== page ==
Bond payments for Jackson account for about 35 percent of the debt-tax increase in 2016. The rest comes from increased borrowing costs tied to the $2.9 billion BBC program. Without a larger tax roll, Miami-Dade can control the tax only by delaying existing payments or scrapping future borrowing.
Esteban “Steve” Bovo, one of two county commissioners to vote against the courthouse plan, said Miami-Dade shouldn’t minimize the impact of a debt-tax increase. “There’s a reality that the number many of us think is insignificant is significant to others,” he said.
Advocates of the courthouse plan say Miami-Dade’s justice system desperately needs the money to replace the existing facility, which has half the courtrooms needed for all 40 judges and leaks to the point that some areas are closed because of mold contamination.
“This is a crisis situation,” said Commissioner Sally Heyman, who joined the majority of the 13-member commission last month to send the courthouse item to voters. “It’s become a situation of: Do we invest in ourselves?”
Of the $393 million sought from voters, about $25 million is slated for repairs to the existing building so it can last the five years needed to build a replacement. Opponents of the courthouse plan say Miami-Dade already has about $78 million available for repairs, and argue the delay should be used to craft a more thoughtful strategy for replacing the current facility.
The $78 million would also come from the debt tax, since the money was earmarked in the original 2004 BBC plan for court facilities. Borrowing it would also contribute to a tax increase, though the extra debt is wrapped into the current county forecasts.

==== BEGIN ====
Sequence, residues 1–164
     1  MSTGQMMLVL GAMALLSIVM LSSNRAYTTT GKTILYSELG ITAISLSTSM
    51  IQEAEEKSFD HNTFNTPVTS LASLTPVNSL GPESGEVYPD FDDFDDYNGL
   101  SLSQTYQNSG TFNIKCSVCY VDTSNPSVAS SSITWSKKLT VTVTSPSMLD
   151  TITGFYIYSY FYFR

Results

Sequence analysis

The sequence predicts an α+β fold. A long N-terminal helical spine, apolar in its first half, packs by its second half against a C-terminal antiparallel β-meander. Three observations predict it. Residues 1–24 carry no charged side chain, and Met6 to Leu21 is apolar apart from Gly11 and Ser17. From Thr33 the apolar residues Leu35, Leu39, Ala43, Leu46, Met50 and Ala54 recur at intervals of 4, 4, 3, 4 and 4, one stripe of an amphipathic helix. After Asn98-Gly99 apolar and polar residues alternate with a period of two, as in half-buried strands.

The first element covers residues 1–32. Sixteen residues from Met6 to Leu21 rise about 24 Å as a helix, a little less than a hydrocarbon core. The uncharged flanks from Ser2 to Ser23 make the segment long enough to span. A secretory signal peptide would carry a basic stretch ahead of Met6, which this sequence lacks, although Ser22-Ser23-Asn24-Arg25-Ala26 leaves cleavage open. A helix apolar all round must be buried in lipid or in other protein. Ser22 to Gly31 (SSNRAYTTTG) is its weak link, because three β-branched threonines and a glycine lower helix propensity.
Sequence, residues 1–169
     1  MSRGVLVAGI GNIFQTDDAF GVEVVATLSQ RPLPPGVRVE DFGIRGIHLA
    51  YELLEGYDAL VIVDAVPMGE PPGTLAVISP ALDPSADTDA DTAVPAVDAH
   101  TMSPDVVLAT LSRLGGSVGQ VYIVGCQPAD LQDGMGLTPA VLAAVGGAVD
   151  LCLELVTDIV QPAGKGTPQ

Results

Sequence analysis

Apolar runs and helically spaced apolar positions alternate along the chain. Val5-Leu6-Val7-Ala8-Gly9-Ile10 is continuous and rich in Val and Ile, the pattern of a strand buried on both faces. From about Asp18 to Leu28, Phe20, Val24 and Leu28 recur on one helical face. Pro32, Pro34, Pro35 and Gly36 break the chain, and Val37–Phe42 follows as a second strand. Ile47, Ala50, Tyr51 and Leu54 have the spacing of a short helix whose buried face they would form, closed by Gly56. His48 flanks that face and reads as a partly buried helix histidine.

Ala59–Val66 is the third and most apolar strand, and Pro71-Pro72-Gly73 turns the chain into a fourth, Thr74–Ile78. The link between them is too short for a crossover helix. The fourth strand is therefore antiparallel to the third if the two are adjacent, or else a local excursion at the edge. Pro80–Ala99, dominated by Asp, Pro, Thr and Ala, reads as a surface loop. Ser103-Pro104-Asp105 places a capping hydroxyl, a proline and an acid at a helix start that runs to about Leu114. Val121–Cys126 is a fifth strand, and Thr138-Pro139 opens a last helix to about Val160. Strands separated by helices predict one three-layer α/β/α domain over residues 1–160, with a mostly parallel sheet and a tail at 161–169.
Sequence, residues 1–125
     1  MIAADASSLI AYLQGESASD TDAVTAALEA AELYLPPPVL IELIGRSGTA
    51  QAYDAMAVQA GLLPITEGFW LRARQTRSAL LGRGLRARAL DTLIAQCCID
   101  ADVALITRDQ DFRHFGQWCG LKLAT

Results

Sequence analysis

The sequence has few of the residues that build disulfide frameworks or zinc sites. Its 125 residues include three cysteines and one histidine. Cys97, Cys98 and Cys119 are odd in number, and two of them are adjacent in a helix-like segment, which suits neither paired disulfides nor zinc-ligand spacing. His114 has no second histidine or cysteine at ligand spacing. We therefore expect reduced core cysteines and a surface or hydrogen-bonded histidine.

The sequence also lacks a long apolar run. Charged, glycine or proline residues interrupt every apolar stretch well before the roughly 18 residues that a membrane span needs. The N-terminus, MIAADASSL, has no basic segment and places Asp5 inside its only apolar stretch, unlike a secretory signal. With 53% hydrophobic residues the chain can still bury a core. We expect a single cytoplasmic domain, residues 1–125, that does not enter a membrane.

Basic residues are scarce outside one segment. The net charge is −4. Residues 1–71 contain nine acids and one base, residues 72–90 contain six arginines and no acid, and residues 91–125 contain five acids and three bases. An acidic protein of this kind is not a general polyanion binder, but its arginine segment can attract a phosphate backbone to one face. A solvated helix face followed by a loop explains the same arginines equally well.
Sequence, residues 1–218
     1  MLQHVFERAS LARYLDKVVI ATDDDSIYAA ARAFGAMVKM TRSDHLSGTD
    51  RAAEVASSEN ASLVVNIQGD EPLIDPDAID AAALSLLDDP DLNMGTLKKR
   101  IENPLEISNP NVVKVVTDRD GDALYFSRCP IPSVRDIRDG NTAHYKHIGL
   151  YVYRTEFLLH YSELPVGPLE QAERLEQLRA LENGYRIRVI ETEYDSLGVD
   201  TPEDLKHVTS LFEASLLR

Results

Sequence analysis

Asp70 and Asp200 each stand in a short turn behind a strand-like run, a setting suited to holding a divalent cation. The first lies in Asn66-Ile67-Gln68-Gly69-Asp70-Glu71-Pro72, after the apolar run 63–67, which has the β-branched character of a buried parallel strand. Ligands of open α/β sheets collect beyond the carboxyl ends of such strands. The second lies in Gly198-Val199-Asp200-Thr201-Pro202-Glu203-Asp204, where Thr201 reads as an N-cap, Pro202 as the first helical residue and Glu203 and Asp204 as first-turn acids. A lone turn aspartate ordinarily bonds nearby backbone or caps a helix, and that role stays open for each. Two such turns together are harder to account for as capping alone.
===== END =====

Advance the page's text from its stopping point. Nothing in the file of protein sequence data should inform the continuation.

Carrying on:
“Something has to be done,” said Joseph Serota, a Miami lawyer helping the new-courthouse campaign. “The longer we put it off, the more expensive it is.”
Scattered polling shows the courthouse issue faces an uphill climb with voters, and one challenge is the unusually blunt language that county commissioners inserted into the ballot item. It states that issuing the courthouse bonds means “potentially increasing property taxes.”
The phrase “property taxes” did not appear in the other major bond items passed by voters during the past 10 years. Neither did the concept of any tax actually “increasing.”
The 2004 BBC ballot questions talked of “bonds ... payable from ad valorem taxes.” A $1.2 billion borrowing plan for the county school system, which has its own debt tax, asked voters in 2012 to approve bonds “secured by the full faith and credit and ad-valorem taxing power of the district.” The Jackson question last year wanted permission to issue bonds “payable from ad valorem taxes collected in Miami-Dade County.”
Jorge Luis Lopez, a County Hall lobbyist and a lawyer helping run the courthouse campaign, said the tradition of leaving “property tax” out of past ballot questions made them less challenging to pass.
“We’re the first,” he said. “We may have to pay a price for that.”